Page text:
I am responding to a letter written by Stan Rachesky, published in the Post Independent on Sept. 10. Rachesky’s letter was essentially a regurgitation of anti-Obama propaganda that has circulated on the web for months, making a case against Barack Obama by painting him as a “radical Muslim sympathizer.”It’s apparent that Mr. Rachesky has been a victim of fear – fear of Muslims, fear of change, and fear of the unknown – a candidate, he says, who “is a guy we still know little about.”Readers of Barack Obama’s memoir, “Dreams of My Father,” know a lot about the candidate. It tells of growing up fatherless, raised by a single mother and her parents, and what it was like to struggle with his identity as a black child in a white family. Aside from being a beautiful account of an atypical American childhood during the ’60s and ’70s, the book has allowed Obama to set the record straight. He isn’t a Muslim; his father was. He didn’t know the man, a Kenyan who returned to Africa when he was little. Much ado has been made of his Muslim School; most viewers of Fox News have seen the students wearing birkas. What superficial attempts to discredit Obama avoid telling gullible audiences is that Obama’s mother worked for the American embassy in Indonesia; most embassy children attended this school because lessons were in English.This is public record, but it isn’t worthy of public discourse – America was founded on principals of religious freedom and tolerance, so that in our country, one’s prejudices about faith are not a worthy measure of another person’s character or abilities.My Mama always said: “Small minds talk about people, average minds talk about events, great minds discuss ideas.” Obama’s campaign is about large ideas: health care for all, equal pay for equal work, fair taxes, stronger schools, energy independence and creating peace. I encourage everyone to get informed about the issues – leave the gossip to the tiny minds.Kathryn CampCarbondale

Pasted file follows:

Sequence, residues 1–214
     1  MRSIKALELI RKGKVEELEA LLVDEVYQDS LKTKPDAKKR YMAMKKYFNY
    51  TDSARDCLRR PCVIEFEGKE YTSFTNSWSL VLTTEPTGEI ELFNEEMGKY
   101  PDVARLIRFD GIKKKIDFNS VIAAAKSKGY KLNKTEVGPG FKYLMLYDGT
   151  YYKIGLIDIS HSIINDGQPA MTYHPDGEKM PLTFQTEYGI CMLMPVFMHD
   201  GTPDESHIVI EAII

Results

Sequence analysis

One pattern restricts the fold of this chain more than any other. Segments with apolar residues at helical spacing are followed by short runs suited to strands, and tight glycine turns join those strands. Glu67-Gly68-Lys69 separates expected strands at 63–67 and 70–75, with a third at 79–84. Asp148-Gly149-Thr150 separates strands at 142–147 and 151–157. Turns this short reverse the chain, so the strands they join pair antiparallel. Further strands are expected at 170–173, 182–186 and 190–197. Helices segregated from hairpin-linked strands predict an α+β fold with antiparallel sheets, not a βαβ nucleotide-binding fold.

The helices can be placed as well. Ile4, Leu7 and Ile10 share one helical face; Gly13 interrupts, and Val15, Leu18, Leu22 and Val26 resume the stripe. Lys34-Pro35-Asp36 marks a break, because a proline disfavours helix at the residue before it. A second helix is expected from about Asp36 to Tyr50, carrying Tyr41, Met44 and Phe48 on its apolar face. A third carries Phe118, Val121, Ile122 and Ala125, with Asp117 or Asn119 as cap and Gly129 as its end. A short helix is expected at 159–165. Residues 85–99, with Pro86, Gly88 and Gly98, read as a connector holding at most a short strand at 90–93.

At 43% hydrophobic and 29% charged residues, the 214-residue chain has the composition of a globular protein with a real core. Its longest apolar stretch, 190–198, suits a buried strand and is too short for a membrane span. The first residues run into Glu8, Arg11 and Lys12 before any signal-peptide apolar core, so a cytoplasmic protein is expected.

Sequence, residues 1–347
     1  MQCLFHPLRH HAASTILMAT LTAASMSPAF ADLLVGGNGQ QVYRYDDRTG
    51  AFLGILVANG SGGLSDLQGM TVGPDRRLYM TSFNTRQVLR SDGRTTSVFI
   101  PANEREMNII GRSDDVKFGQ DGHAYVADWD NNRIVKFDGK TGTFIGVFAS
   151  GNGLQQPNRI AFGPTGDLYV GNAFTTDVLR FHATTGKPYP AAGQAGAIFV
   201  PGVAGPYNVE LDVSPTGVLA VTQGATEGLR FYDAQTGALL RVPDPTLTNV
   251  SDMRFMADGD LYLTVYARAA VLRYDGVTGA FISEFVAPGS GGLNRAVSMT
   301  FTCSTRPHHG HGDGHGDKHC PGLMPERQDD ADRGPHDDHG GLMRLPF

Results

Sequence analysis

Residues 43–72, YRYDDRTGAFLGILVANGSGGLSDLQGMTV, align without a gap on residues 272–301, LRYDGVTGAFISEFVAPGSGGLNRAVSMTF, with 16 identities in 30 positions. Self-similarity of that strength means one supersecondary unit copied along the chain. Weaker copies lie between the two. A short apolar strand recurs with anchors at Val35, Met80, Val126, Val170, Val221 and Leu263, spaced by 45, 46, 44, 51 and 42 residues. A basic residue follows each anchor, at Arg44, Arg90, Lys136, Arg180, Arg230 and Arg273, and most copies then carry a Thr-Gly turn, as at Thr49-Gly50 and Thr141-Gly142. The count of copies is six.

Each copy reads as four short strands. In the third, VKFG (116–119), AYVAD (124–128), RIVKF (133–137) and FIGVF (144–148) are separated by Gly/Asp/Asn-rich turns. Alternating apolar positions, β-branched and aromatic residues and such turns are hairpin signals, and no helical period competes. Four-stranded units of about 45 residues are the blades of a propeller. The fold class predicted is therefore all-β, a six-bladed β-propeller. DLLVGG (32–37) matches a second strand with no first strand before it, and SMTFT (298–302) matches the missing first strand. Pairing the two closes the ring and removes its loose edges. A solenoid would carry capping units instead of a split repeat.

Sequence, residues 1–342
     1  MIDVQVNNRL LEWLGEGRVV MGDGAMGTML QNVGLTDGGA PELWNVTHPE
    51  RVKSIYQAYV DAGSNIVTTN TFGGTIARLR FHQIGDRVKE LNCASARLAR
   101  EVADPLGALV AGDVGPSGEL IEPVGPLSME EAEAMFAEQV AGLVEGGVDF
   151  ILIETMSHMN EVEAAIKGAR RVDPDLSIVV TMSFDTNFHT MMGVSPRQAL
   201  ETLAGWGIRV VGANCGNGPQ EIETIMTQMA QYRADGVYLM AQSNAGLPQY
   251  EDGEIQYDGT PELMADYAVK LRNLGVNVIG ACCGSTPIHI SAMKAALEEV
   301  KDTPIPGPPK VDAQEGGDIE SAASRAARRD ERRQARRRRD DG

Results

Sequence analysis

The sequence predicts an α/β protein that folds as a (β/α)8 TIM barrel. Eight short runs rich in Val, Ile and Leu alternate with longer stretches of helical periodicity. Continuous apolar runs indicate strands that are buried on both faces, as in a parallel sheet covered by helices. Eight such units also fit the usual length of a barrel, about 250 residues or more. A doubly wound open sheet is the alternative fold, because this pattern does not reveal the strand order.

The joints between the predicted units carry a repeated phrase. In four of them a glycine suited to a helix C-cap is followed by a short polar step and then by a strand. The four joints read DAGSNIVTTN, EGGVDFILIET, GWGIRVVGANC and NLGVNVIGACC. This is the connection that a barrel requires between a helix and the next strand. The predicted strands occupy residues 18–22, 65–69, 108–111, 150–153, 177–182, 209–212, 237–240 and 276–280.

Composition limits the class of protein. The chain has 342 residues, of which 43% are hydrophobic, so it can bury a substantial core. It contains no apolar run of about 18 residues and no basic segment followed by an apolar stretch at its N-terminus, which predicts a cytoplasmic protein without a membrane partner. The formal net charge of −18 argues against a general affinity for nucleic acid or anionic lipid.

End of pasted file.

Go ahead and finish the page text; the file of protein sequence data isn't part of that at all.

There is no real solution to the illegal immigration problem we obviously have in the valley. There are crimes being committed, and there are no consequences for these people. If a legal citizen raped a young girl, fled from police, and hid in someone’s home without permission to enter (possibly leading to another crime if she had not paid attention to detail), there would be a heavy price to pay. I believe we’re not making examples of these people, and the crimes will only escalate. We need to set the standard to which we expect others to live. Where are our standards? If you’re here illegally, you’re doing illegal things. Obviously, deporting them isn’t effective, they just come right back. My opinion: Cut the money supply. The welfare system needs to be addressed and revamped, and the employers need heavy penalties for hiring illegals. What about the housing authority? I have neighbors that are living in a flophouse, with all grown men coming and going in all hours of the day and night in a “single family home” and near a school. This is getting out of control. If we required training or schooling for construction jobs, there would be less accidents from unskilled laborers and less drug traffic. Yes, we’re living in denial, because these job sites are not patrolled, and less crime is not a reality. I don’t think change will take place unless the entire community comes together on this one. Anyone?Jenell HilderbrandGlenwood Springs
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